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Glial Ephrin-A3 Regulates Hippocampal Dendritic Spine Morphology and Glutamate Transport
Maria A. Carmona, Keith K. Murai, Lei Wang, Amanda J. Roberts, Elena B. Pasquale and Anthony J. Pawson
Proceedings of the National Academy of Sciences of the United States of America
Vol. 106, No. 30 (Jul. 28, 2009), pp. 12524-12529
Published by: National Academy of Sciences
Stable URL: http://www.jstor.org/stable/40484169
Page Count: 6
You can always find the topics here!Topics: Hippocampus, Amino acid transport system XAG, Dendritic spines, Neurons, Synapses, Astrocytes, Pixels, Memory, Knockout mice, Receptors
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Increasing evidence indicates the importance of neuron-glia communication for synaptic function, but the mechanisms involved are not fully understood. We reported that the EphA4 receptor tyrosine kinase is in dendritic spines of pyramidal neurons of the adult hippocampus and regulates spine morphology. We now show that the ephrin-A3 ligand, which is located in the perisynaptic processes of astrocytes, is essential for maintaining EphA4 activation and normal spine morphology in vivo. Ephrin-A3-knockout mice have spine irregularities similar to those observed in EphA4-knockout mice. Remarkably, loss of ephrin-A3 or EphA4 increases the expression of glial glutamate transporters. Consistent with this, glutamate transport is elevated in ephrin-A3-null hippocampal slices whereas Eph-dependent stimulation of ephrin-A3 signaling inhibits glutamate transport. Furthermore, some forms of hippocampus-dependent learning are impaired in the ephrin-A3-knockout mice. Our results suggest that the interaction between neuronal EphA4 and glial ephrin-A3 bidirectionally controls synapse morphology and glial glutamate transport, ultimately regulating hippocampal function.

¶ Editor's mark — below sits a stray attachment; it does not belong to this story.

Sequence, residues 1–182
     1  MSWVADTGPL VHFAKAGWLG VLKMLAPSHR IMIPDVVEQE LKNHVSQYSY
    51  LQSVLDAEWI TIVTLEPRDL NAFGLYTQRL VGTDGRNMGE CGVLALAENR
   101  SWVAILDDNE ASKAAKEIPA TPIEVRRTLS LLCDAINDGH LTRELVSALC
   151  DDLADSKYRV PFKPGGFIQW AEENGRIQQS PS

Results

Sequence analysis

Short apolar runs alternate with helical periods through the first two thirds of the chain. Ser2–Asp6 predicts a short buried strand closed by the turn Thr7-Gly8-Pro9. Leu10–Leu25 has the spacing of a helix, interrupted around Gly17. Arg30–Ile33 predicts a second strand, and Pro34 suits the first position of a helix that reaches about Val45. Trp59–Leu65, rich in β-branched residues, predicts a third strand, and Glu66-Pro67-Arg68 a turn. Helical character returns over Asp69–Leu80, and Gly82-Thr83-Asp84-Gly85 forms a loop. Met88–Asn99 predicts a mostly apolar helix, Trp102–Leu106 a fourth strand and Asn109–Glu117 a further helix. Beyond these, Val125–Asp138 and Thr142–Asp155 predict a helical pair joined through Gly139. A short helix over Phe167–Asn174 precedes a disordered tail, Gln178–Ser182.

Proceedings of the National Academy of Sciences of the United States of America © 2009 National Academy of Sciences